Colons and Introductions, Explanations, and Elaboration

Colons and Introductions, Explanations, and Elaboration

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Elaboration and Explanation

The colon is mainly a mark of introduction: It signals that the words following will explain or amplify the meaning of the preceding clause.

A colon is always preceded by a complete main clause—one containing a subject and predicate and not starting with a subordinating word.

Be aware of a common mistake that arises when using a colon to join two clauses: If the information following the colon would be a complete sentence on its own, it must begin with a capital letter.


  • Hydrology has a deceptively simple definition: the study of water.
  • A more precise definition might be the following: the study of the movement of water on or over land, its flows and gathers, its evaporations and condensations, its interactions with landforms like deltas and coastlines.
  • Canada has one salient feature: namely, the longest coastline.
  • The plot is founded on deception: The protagonist has a secret identity.
  • The test was in three minutes: I had to run to class.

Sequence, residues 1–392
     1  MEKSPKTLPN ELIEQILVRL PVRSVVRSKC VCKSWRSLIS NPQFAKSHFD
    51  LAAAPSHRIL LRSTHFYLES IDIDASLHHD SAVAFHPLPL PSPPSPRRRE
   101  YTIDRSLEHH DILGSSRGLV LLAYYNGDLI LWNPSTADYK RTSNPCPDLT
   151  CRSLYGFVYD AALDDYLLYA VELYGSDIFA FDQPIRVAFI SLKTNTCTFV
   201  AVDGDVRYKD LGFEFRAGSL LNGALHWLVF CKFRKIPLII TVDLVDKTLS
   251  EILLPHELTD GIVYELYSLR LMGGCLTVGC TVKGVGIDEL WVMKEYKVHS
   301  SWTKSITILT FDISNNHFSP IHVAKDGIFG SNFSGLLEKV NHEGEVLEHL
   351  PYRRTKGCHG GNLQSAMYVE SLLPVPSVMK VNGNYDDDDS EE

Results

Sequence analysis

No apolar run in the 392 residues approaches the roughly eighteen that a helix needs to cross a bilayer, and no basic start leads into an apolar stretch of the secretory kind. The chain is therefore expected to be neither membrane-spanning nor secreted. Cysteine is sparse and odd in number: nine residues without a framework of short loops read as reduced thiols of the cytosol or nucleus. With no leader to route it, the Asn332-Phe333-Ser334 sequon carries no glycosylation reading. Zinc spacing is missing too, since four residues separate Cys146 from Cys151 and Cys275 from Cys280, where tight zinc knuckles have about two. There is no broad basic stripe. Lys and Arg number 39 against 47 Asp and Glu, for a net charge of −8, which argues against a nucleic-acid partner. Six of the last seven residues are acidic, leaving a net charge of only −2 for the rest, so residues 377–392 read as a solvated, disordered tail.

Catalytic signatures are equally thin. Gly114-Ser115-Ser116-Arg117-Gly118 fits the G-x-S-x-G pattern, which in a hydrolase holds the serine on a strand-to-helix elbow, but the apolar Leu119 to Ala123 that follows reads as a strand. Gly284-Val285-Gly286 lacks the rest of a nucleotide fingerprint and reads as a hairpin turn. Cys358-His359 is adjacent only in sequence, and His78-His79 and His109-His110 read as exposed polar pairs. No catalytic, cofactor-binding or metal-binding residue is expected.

• The evidence could only mean one thing: The butler was guilty.

Introducing Lists

A colon can also be used to introduce a list of items but not if the list is grammatically essential to the wording of the sentence.


  • Incorrect: The three assigned topics for your essay on Infinite Jest are: tennis, lenses, and mathematics.
  • Correct: These are the three assigned topics for your essay on Infinite Jest: tennis, lenses, and mathematics.

More Examples:

  • The musicology syllabus includes three genres: jazz, blues, and hip-hop.
  • Canada has long coastal boundaries on three oceans: the Pacific, the Arctic, and the Atlantic.
  • There are three types of people in the world: those who can count and those who can’t.
  • In the drawer I found two things: a letter and a yellow notebook.

Your Turn: Test Your Understanding

Think you have a grasp of the information above? Test yourself!